Like most hardcore geeks, I tend to collect large amounts of, well, geeky stuff. For instance, I don't have one PDA, I have four. And why run one Linux server, when three can do so much more? And everybody knows that although one monitor is fine, two make you so much more productive, right? Sound familiar? And let's not even talk about the collection of Star Wars Pez dispensers littering my desk.
This tendency towards immoderation is equally prevelant when it comes to software. Whether it's ignorance, or ego, or simply the desire to create and use the biggest, baddest software out there, many software developers and administrators have historically exchanged efficiency for exorbitance at every opportunity. The result has so often resulted in extraordinary maintenance costs (for instance, an Oracle-backed web interface, when a simple Wiki could have been used instead; believe me, I've seen it happen), expensive development requirements (deciding to build a fairly simply web site using EJB and Websphere when a LAMP solution would have been sufficient), and confused users (nearly any member of the Microsoft Office Suite comes to mind).
Thankfully, in recent years the software development community really seems to have come around to the notion that bigger isn't necessarily better, and the virtues of simplicity often outweigh the allure of complexity. The Ruby on Rails framework is a great example of such thinking, as are products such as Google Docs & Spreadsheets, MySQL, and SugarCRM. This approach really seems to have sparked a trend, because we're seeing even further streamlining of these already svelte solutions.
One such solution is SQLite, a fully-featured relational database that, at just 250KB, is by itself able to easily fit on a floppy disk yet is capable of managing terabyte-sized databases. What's more, it's largely SQL92-compliant, and supports advanced features such as transactions. The compact size and considerable power is even more impressive when you consider the database requires almost no administrative overhead! And because it's public domain software, you don't have to deal with any licensing issues! In this tutorial, I'll introduce SQLite, showing you how this database can offer you maximum return with minimal investment.
The SQLite relational database engine is the brainchild of Dr. Richard Hipp, who started work on the database some seven years ago. Since then, the database has been embraced by tens of thousands of users around the world, and is a key component of many wildly popular products, including Google Gears, the Firefox web browser, and Adobe's Adobe Integrated Runtime initiative.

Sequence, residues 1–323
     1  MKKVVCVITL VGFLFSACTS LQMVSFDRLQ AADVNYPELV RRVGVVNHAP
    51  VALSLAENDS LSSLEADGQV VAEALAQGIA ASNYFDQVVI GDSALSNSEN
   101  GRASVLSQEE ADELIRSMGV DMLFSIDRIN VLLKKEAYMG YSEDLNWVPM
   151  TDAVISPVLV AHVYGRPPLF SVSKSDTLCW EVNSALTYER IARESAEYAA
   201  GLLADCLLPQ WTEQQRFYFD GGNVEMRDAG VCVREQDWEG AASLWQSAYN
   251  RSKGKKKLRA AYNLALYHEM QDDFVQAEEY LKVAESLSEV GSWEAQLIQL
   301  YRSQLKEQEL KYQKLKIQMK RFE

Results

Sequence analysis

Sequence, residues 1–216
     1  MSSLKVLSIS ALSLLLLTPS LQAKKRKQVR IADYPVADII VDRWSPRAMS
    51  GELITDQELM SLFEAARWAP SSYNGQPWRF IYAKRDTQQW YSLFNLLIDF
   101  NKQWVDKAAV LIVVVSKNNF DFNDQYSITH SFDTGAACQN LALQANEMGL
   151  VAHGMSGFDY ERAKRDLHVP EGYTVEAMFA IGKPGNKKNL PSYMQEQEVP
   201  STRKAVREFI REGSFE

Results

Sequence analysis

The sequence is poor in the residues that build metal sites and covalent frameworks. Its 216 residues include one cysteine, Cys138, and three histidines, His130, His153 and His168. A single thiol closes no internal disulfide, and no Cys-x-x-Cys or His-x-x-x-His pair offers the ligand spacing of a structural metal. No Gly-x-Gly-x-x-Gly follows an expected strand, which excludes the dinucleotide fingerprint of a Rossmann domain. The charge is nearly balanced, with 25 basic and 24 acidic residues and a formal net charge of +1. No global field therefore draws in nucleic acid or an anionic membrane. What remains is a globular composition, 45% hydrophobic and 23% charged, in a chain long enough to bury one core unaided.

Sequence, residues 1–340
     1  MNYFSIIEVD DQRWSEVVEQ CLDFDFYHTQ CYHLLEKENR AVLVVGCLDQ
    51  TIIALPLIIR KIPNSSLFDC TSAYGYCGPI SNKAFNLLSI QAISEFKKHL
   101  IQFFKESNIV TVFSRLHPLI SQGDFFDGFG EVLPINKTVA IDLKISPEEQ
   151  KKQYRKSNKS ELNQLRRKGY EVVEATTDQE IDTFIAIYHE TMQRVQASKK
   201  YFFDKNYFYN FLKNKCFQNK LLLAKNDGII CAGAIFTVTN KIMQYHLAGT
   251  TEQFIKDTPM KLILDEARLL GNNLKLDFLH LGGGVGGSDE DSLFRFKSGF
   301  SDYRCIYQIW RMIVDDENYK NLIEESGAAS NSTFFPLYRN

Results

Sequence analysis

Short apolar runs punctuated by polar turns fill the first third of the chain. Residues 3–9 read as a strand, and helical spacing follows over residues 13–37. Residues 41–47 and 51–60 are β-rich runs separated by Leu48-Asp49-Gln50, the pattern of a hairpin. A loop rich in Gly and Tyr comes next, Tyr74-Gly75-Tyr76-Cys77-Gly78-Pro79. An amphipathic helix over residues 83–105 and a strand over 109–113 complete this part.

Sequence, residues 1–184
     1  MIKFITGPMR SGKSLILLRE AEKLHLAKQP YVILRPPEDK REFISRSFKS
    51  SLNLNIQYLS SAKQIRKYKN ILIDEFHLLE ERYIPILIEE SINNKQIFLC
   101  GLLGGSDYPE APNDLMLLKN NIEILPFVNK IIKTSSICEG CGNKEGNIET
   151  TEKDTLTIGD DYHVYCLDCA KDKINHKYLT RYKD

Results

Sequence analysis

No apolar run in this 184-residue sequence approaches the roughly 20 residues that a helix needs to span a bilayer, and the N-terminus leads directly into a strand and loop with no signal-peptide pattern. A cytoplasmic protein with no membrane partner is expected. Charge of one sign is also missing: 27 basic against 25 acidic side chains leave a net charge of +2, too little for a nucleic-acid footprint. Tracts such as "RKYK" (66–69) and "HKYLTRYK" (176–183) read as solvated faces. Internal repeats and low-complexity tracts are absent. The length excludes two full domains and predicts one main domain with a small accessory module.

SQLite's success has as much to do with its impressively small size and speedy performance as its hands-off administrative requirements. This is because SQLite databases are stored within standard textfiles, whose security dependencies rely solely upon the database file's owner as specified by the underlying operating system. Backups are a snap; just copy the database file to the storage media as you would any other. This trait makes SQLite particularly compelling for uses such as small web sites and embedded systems alike, and is supported by numerous popular programming languages, including C, C++, PHP, Python, Ruby, Tcl, and others.
To download SQLite, head over to http://sqlite.org/download.html and download the appropriate version according to your operating system. The installation process is standard regardless of the operating system, so I'll presume you're capable of figuring it out and will instead move on to usage-related matters.
Once installed, proceed to your command-line prompt and navigate to SQLite's installation directory. From there, execute the following command to enter the SQLite client:
On Windows, you'll need to execute:
To learn more about some of SQLite's client commands, execute .help for a listing.
Creating a new database is ridiculously easy. From within the SQLite client, execute .quit and then re-enter the SQLite client using the following command:
Congratulations, you've just created a new database, titled library! From here, you're able to use standard SQL-92 syntax to create tables, and then insert, select, modify, and delete information as you please. Let's create a table named books:
sqlite>CREATE TABLE books ( ...>id INTEGER NOT NULL PRIMARY KEY AUTOINCREMENT, ...>title VARCHAR(100) NOT NULL, ...>author VARCHAR(50) NOT NULL);
Next, you can insert a few rows using typical SQL statements:
sqlite>insert into books values(NULL, "Purple Cow", "Seth Godin"); sqlite>insert into books values(NULL, "Good to Great", "Jim Collins");
Once done, you can review your work with a SELECT statement:
sqlite>select * from books;
1|Purple Cow|Seth Godin 2|Good to Great|Jim Collins
Modification and deletion statements are carried out as easily as the aforementioned exercises! Of course, managing data via the SQLite data is an educational yet perhaps impractical exercise, particularly given the prevalence of using APIs to interact with a database. In the next section, I'll show you just how easy it is to connect SQLite to the most basic of PHP scripts.